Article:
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450 Watt Van Solar Power Setup

This guide for a basic 450 watt solar setup is good as a template for planning your electrical system. It covers the parts and acts as a visual reference for how things are connected. For important information on calculating electricity and individual component choices, explore our electrical page. In particular, read our post on wiring your campervan before purchasing anything. Just like baking a cake, it’s good practice to be familiar with all of the steps before diving in.

450 Watts is enough to power small electronics such as laptops and cell phones as well as larger items such as TV’s, refrigerators, vent fans and possibly an induction cooktop. Keep in mind that if you plan on wiring in an alternator or generator the system layout changes a bit. It’s better to plan for them at the beginning than try to add them in later.

Electricity is a serious task to take on. There are many examples of things online that “can” be done but should not, so consume Youtube instructions and articles such as this one with caution. It is always a good idea to consult with experts before you buy expensive parts to make sure the way you are planning on using it will be safe.

Want a different amount of solar? We also have guides on a 100 Watt solar system and a 200 Watt solar system.

400W Solar Installation Parts*SizeQuantity
Monocrystalline Solar Panel150 Watt3
Solar Panel Roof Mounting Z-Rack-Optional (3)
Solar Panel Adjustable Tilt Mount-Optional (3)
MPPT Charge Controller60A1
AGM Deep Cycle Battery150AH2
Pure Sine Inverter1000W1
12 Way Fuse Block (bus bar included)-1
Bus Bar-1
Battery Terminal Connectors-2
Electrical Wire Crimp Connector Assortment Kit-1
Fuse Holder80A2
Fuse Holder100A1
Battery Connect Cables12in3

*Not included are the wiring and small fuses needed as those vary between installs and can be bought at a hardware store.

400 Watt solar panel setup guide

Total Cost of a DIY 450 Watt Solar Panel Kit:

When choosing to buy just the basics, you can expect to spend around $2000 on a 450 Watt solar kit including everything except the wires themselves (this can vary depending on how much wire and how many devices you’re using).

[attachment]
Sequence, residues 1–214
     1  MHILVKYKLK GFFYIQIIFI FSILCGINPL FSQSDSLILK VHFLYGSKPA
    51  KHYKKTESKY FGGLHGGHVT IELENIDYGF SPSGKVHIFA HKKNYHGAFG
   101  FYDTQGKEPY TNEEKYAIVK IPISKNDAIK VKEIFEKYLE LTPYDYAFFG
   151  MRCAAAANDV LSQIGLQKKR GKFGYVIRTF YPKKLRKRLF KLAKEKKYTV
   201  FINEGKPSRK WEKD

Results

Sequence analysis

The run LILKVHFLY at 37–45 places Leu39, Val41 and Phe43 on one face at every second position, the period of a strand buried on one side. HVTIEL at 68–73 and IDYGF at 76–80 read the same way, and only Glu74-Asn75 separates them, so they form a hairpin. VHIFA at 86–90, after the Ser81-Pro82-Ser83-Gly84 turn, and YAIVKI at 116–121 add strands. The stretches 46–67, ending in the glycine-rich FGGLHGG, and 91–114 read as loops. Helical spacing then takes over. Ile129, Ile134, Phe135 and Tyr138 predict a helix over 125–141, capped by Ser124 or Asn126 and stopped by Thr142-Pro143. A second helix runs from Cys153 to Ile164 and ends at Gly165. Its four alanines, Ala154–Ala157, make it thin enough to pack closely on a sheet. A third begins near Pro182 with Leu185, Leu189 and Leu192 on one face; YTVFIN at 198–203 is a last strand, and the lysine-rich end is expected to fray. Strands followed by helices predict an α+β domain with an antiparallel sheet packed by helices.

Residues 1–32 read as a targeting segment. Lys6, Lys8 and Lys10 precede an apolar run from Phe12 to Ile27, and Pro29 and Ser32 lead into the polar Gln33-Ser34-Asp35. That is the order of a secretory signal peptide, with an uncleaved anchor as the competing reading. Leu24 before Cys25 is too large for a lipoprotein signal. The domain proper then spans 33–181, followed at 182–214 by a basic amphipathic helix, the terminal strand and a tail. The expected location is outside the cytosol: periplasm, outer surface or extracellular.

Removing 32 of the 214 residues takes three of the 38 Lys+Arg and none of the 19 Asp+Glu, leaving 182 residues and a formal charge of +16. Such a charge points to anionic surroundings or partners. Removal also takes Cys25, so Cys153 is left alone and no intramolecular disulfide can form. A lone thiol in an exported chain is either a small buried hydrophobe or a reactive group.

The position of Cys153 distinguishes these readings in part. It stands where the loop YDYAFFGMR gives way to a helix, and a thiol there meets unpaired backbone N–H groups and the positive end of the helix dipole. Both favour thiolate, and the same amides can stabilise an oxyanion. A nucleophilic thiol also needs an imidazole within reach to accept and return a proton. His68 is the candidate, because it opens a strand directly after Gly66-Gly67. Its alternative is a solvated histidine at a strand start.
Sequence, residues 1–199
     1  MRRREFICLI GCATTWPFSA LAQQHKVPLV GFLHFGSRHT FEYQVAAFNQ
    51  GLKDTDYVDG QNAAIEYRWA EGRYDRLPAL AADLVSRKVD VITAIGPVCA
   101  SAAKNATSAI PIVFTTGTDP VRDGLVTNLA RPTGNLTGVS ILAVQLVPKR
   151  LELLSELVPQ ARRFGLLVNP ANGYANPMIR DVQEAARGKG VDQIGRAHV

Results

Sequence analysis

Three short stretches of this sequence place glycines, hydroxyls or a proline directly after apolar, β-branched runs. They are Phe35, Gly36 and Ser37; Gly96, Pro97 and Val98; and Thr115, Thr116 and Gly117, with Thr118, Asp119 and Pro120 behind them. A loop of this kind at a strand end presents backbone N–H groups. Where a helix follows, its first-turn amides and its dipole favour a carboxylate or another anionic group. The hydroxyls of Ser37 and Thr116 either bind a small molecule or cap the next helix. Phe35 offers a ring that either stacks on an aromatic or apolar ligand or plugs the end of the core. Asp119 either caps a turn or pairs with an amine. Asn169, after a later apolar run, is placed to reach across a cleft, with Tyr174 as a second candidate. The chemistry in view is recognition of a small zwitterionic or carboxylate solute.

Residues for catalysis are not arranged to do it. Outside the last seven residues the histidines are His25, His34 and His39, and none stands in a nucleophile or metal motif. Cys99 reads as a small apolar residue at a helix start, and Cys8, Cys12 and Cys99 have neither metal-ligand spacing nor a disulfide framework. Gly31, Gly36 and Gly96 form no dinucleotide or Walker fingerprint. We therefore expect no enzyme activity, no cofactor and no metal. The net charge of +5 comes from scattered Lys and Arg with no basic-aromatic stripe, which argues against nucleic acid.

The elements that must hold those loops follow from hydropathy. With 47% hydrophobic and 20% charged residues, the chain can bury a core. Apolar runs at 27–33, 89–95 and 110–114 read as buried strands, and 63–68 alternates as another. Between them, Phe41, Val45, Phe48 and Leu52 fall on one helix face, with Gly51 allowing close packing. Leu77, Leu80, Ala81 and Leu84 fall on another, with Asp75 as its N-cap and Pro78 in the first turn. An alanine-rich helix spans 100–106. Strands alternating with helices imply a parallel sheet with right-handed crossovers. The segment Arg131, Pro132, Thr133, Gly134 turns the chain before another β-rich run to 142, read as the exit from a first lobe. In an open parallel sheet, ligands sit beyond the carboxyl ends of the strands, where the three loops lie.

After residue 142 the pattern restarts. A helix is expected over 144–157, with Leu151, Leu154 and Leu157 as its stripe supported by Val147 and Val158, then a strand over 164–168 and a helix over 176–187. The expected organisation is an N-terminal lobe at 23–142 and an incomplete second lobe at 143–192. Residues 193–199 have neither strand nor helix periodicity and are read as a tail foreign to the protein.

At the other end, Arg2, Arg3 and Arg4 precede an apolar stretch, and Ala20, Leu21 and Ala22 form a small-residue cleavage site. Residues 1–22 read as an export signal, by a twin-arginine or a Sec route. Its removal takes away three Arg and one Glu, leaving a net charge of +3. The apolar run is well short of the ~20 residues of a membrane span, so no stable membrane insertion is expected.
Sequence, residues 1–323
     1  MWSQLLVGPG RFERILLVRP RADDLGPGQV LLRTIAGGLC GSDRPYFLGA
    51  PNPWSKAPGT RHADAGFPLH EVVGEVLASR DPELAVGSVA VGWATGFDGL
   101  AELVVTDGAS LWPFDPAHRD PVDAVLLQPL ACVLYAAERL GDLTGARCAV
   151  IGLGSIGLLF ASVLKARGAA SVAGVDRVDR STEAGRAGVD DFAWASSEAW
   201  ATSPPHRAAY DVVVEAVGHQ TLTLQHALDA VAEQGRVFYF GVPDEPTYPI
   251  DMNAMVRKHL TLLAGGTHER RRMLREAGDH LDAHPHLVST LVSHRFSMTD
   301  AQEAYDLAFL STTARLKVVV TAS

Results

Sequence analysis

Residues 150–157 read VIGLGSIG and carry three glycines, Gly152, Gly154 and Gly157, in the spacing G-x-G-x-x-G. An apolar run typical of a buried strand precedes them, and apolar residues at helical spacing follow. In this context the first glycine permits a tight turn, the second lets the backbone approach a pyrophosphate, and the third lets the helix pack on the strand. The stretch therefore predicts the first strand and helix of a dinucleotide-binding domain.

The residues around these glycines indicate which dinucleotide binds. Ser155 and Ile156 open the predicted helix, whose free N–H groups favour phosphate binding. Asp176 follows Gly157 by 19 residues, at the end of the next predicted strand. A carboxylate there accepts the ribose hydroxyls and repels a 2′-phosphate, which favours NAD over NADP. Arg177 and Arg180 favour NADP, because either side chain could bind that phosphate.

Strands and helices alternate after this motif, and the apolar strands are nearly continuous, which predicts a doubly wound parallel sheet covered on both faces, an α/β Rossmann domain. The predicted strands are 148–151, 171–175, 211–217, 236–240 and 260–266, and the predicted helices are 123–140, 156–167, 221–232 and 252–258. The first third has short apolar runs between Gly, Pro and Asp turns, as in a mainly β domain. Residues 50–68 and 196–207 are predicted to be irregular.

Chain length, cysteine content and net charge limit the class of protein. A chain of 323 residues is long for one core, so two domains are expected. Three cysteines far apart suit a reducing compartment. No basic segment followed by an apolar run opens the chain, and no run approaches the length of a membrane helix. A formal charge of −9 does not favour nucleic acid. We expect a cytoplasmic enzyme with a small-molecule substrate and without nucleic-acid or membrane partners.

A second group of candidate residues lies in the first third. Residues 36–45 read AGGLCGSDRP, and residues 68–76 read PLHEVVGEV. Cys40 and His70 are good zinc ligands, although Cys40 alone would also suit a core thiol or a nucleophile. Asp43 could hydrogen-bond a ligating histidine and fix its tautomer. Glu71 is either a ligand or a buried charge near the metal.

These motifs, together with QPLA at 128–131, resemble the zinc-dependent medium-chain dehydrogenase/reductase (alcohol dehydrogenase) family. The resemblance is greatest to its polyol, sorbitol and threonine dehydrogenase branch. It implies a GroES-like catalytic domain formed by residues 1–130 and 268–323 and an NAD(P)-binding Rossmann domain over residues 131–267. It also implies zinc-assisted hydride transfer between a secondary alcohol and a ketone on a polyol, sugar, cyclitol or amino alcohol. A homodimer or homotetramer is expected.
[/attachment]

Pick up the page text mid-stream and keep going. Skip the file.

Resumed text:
Alternatively, a Goal Zero Yeti kit can be purchased and includes everything except the solar panel mounting hardware. This would be the equivalent of a 100Watt solar suitcase paired with a 100Ah AGM battery and 1200 Watt inverter. Our estimate that the DIY pieces separately for this would be easily under $1000.

This Post Has 15 Comments
  1. Thank you. This information is so helpful. I’m starting handy man service out of my van.
    So I need to run equipment from the van. I will tell me friend’s about this also.
    Great information.

  2. I had a very similar setup on our boat. We ended up with LiFePo battery of 500AH. Only problem I had was noted by you when you mentioned that the MPPT controller had to be customized to charge LiFePo batteries. The engine charger took care of it when the battery finally needed to be topped up properly.
    Your poster *sub note shows a battery bank of 3000 Ah and I believe you may have intended 300 Ah.
    I hope to build a new system for our fifth wheel, but that is not a priority at this time.

  3. Hi, Awesome source of information, love the diagram. I was starting to feel a little overwhelmed trying to plan out my own set up so I’m glad I found this page haha. I am planning to hook up the cars alternator so it charges when I drive. Where would that fit into this set up?

  4. Ever thought of writing a book? I’d buy a copy and I’m sure many others would as well. Jeff and Rhiannon’s comments are spot on; awesome source of helpful information.

  5. I think the battery wired in series specs are incorrect. You state that adding two 6 volt 300 AH batteries in series will make one 12 v 3000AH. You have one two many zeros.

  6. unusable….. help to make 400w of load, runs 24hours, sun production timing 10 hours, batteries should full in 10 hours and load will constantly run 24 hours day and night. during day time, load will run as well as batteries may full to provide 14 hours of backup during night to consume 400w of load..

    anyone ????

    1. Vrai inutile d avoir un tonneau de vin si personne ne boit le solaire à besoin d être utilisé utilisé par ciel d hiver il faut 400w l été divisé par 2 de plus trop chaud il diminue sa puissance de charge

  7. great info. looking to follow this info. do you have instructions for how to add a portable generator into the equation. thanks again.

    1. Pour le froid et période temps sombre il faut plus frigo à compression plus télé lumière recharge d appareils si le vent est dans le secteur une éolienne fera affaire j ai cette installation mixte sur mon camping car

  8. Good guide. One thing you omitted that a lot of RV solar folks HIGHLY recommend is a battery monitor. These usually have a shunt that goes between the battery and all the loads to measure current in and out of the battery. The Bogart Trimetric 2030 is highly regarded, and Victron also has a few models.

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